International arms transfers are going strong in the Middle East, even if they are leveling off in other regions, according to the Stockholm International Peace Research Institute, a group that monitors arms transfers.
SIPRI says its Arms Transfer Database is the only public resource that provides consistent information and estimates on all international transfers of major arms.
“International transfers of major arms stayed at the same level between 2011-15 and 2016-20,” it said in a report on Monday. “Substantial increases in transfers by three of the top five arms exporters – the USA, France and Germany – were largely offset by declining Russian and Chinese arms exports.”
Middle Eastern arms imports increased 25%. Saudi Arabia, Qatar and Egypt were leaders in the last four years, with Doha increasing its purchases by a whopping 361%, the report said.
Israeli exports represented 3% of the global total between 2016 and 2020. Israel’s big three defense giants, Elbit Systems, IAI and Rafael Advanced Defense Systems, are world leaders in the industry.
Israel’s exports were 59% higher over the past five years than in the 2011-2015 period. For example, IAI is cashing in on new interest in loitering munitions.
Elbit Systems is picking up contracts in Europe, and Rafael’s Iron Dome and Trophy are getting new recognition. Iron Dome was sent to the US, and Trophy is now being used by Germany. Both systems celebrate 10 years of operation in Israel this year. In addition, Israeli companies have made major inroads in India and other countries.
“Israel accounted for 69% of Azerbaijan’s arms imports” in the most recent period, the report said. Azerbaijan recently fought a war with Armenia. Israeli’s Uvda program and documentary filmmaker Itai Anghel show how Israeli drones played a key and controversial role in that conflict. Israel has exported hundreds of drones to Azerbaijan, along with other defense systems, according to reports.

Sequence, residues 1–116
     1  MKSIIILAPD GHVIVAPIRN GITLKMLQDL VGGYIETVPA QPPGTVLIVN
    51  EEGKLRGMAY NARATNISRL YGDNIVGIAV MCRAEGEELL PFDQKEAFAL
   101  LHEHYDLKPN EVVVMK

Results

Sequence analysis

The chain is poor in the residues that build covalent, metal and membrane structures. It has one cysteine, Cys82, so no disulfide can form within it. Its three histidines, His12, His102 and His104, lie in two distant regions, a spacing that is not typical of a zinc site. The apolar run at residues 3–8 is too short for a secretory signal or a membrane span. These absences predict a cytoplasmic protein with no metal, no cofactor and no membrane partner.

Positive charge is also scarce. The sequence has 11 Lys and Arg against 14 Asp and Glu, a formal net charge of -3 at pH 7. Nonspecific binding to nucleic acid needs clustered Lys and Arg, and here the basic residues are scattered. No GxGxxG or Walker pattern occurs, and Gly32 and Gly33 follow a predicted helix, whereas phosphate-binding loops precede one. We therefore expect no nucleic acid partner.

“It is too early to say whether the period of rapid growth in arms transfers of the past two decades is over,” said Pieter D. Wezeman, a senior researcher with the SIPRI Arms and Military Expenditure Program.
Among Western powers, exports rose. Russian and Chinese exports fell. Exports by China, the world’s fifth-largest arms exporter from 2016-20, decreased 7.8% between 2011-15 and 2016-20, the report said.
The Middle East is where all the arms seem to be going. The UAE is seeking 50 F-35 fifth-generation aircraft, it said.
“Egypt’s arms imports increased by 136% between 2011-15 and 2016-20,” it said. “Egypt, which is involved in disputes with Turkey over hydrocarbon resources in the Eastern Mediterranean, has invested heavily in its naval forces.”
Turkey’s arms imports declined 59% between 2011-15 and 2016-20, the report said. Turkey is rapidly building indigenous capacity to build drones and other weapons.
The Middle East is buying arms because of tensions between Iran and the region, ongoing wars in Syria, Libya, Yemen and elsewhere, and because many countries here are pioneering new weapon systems, such as drones, which means that others need better air defenses.
For instance, Israel’s IAI and the UAE’s Edge signed an MOU recently on countering UAV threats. Iran used drones to attack Saudi Arabia in 2019, and Iranian-backed groups in Yemen, the Houthis, use drones and missiles weekly against Saudi Arabia.
Israel is also building up its navy with new Sa’ar 6 ships, and it appears that all the other navies in the region are also increasing their systems.
The Middle East, long a testing ground for US and Soviet weapons, is now producing its own weapons and buying weapons from new suppliers. US fifth-generation planes such as the F-35 are in high demand, as are Russia’s S-400 air-defense missile system and Israel’s Iron Dome.
The Jerusalem Post